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At a time when institutions of business and government continue to fail society, two of our leading academic institutions missed the opportunity to provide essential moral leadership on the most pressing challenge ever faced in the history of human civilization.
Harvard President Drew Faust issued her October statement first:
She and her colleagues on the Board do not believe “that university divestment from the fossil fuel industry is warranted or wise."
Brown President Christina Paxson followed three weeks later with her own statement:
“Our consideration of divestment [from coal] is over."
Both statements, read in their entirety, explain the careful and thorough deliberations that took place within their respective academic communities. That these institutions can both fail to see the stark moral implications of their decision after such extensive deliberation only reinforces the severity of the crisis facing civilization.
Before looking at the rationales of these decisions, let us remind ourselves of the unprecedented challenge before us. Thanks to a paper released in 2009 by the highly respected Potsdam Institute for Climate Impact Research, we have known for four years a staggering truth: if we are to avoid blowing through the 2 degree warming threshold and ushering in likely catastrophic climate change, we must leave the majority of the fossil fuels already discovered and on the books, beginning with coal, in the ground.
The Carbon Tracker Initiative brought this issue into common focus two years ago. At that time, we described a $20 trillion “Big Choice" facing society, anticipating OECD Secretary General Angel Gurria's recent statement: “The looming choice may be either stranding those assets or stranding the planet."
Beyond the shrinking lunatic fringe of climate change deniers, there is no apparent debate regarding this stark choice, only a judgment call around what is an acceptable degree of certainty we should shoot for in our quest not to destroy the planet for life as we know it. On this question, the scientific community is far too timid given all the non-linear risks they understand but shy away from talking forcefully about, on the pretext that such risks are by definition “uncertain." The financial crisis made us aware of the growing prevalence of Black Swan events and their consequences in complex systems. The global climate system is a complex system that makes finance appear simple in comparison. It's time to connect the dots.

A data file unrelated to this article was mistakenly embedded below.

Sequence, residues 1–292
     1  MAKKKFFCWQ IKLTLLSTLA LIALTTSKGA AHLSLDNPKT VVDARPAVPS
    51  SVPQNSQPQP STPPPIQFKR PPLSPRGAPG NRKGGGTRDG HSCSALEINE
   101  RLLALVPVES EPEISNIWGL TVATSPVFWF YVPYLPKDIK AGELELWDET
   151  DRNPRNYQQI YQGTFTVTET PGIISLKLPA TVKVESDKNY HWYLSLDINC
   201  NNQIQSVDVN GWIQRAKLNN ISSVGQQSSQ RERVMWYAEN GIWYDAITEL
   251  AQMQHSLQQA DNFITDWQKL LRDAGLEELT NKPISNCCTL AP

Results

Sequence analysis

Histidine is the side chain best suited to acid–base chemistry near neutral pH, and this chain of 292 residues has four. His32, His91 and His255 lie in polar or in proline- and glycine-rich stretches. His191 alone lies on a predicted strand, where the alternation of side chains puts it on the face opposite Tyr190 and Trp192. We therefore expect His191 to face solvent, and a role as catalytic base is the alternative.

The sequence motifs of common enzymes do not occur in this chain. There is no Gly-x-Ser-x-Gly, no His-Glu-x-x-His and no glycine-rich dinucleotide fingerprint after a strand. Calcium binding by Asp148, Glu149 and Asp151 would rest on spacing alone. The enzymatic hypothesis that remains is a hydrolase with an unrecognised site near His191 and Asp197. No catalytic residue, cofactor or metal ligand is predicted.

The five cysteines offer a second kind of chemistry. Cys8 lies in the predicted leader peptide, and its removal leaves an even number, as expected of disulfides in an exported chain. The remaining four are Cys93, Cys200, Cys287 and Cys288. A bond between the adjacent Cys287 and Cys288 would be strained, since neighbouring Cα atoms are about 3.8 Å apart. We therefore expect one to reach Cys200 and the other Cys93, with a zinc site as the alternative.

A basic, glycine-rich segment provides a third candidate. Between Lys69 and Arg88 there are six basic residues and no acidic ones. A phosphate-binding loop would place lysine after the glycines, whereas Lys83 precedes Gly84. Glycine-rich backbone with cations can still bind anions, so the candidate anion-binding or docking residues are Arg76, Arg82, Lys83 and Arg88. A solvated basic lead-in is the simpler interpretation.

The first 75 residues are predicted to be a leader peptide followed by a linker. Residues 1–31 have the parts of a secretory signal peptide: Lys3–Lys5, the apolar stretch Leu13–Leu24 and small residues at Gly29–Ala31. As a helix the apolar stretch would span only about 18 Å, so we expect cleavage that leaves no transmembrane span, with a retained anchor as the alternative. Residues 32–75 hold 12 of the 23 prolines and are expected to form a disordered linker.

Harvard's False Choice
With this as context, let us turn to the failures of moral leadership at Harvard and Brown. Harvard's decision rests on two arguments. First, Harvard is an academic institution and its endowment is held in trust to advance its academic mission. No argument. But then the rationale against divestment heads down its slippery slope by asserting a false choice between “the University as a political actor rather than an academic institution."
The toxic political climate in the U.S. has successfully defined climate change as a “political issue" pitting “business-friendly conservatives" against “wimpy green liberals" and both sides trapped in their worship at the alter of economic growth (no matter the costs). It is certainly conceivable that such lazy and reckless thinking has infected Harvard's own Corporation Board.